Should I Launch A Managed Services Business In the Recession?Should I Launch A Managed Services Business In the Recession?
When the email hit my inbox it immediately caught my attention. A technology consultant wanted to know if (A) it's still a good time to launch a managed services business or (B) is it smarter to delay the launch until after the recession ends?
May 20, 2009
managed-services-leap-faithWhen the email hit my inbox it immediately caught my attention. A technology consultant wanted to know if (A) it's still a good time to launch a managed services business or (B) is it smarter to delay the launch until after the recession ends? I've got some strong opinions to share.
Frankly, I think the aspiring entrepreneur was asking the wrong questions. My knee-jerk reaction was to tell him to ignore the recession and press forward with the business launch. After all, CompTIA research notes that MSPs are holding up well in the recession.
Revising My Answer
But now that I've had 24 hours to digest his email, I'd like to revise my response quite a bit.
Generally speaking, I believe there's never a "bad" time to be an entrepreneur. Over and over again, great companies have been launched during bleak economic times. And entrpreneurs can't fight their DNA. They need to build new businesses.
But there's a bigger question here: Instead of worrying about the recession, aspiring entrepreneurs and would-be MSPs have to ask themselves far more basic questions…
1. Financials: Do you have your personal financial house in order?
Do you live within or below your financial means?
Do your credit card balances read "zero?"
Can you afford to go six months — or more — without a salary as you build your business and your business assets?
Is your family willing to make financial sacrifices while you pour money into your start-up business?
If your personal finances are a mess and you still have a day job then KEEP your day job until you can prove to yourself (and your lenders) that you can effectively manage money and live below your means.
2. Personal Commitments: Are your spouse and family willing to allow you to work insane hours as you create a business? Or would they prefer the comfort of a steady paycheck, health benefits and other "perks" from traditional career moves?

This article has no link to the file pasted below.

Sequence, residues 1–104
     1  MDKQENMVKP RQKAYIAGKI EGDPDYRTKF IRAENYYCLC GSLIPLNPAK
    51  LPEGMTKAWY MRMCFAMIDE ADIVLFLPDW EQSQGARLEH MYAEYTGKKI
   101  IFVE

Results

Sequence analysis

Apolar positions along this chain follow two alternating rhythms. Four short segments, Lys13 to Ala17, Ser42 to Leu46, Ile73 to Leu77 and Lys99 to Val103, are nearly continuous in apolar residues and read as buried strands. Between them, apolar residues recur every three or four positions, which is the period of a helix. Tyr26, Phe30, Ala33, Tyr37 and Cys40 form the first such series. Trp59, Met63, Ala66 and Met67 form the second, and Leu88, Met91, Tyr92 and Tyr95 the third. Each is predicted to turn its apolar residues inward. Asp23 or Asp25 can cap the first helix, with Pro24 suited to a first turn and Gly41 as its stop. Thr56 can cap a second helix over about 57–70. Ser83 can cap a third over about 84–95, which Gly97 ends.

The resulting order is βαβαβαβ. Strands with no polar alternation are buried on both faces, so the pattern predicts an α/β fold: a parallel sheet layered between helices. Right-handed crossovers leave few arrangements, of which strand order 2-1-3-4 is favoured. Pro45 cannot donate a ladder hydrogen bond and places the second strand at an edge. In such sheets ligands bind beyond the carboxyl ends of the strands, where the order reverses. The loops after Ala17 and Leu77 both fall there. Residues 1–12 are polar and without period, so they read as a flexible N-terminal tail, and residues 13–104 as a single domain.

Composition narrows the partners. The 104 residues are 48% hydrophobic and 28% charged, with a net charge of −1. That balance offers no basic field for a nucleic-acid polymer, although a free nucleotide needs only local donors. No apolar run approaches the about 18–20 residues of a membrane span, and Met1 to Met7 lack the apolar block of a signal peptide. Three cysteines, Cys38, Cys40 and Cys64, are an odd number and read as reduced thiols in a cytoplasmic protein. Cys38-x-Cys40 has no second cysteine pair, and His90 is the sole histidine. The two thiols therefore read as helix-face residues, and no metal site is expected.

3. Talent: Do you have the right set of skills to actually launch and build your business? Technology. Financial management. Sales. Marketing. Yes, marketing. If you lack skills, how are you going to fill those gaps?
4. Co-Founders: Do you need to launch the business with a partner who brings incredible skills to the table that you lack? If so, does that partner share your financial goals and financial priorities? Remember: Money changes everything. If you don't have similar financial views from Day One then your business is already dead.
5. What Are You Running From?: This little gem comes from Mitch York, founder of E2E Coaching. York helps to transform executives into entrepreneurs. But before he begins a coaching engagement, he asks the prospective entrepreneur the following question:
Are you running away from something?
Or are you running to something?
In other words, don't launch a business because you hate your current job or because you're unemployed and don't know what else to do. Instead, run toward something that you'll love — whether it's a new full-time position or the dream of running your own company.
Bottom line: Sure, the recession is a factor as you weigh your potential start-up strategy. But it should not be the determining factor in your entrepreneurial decisions.
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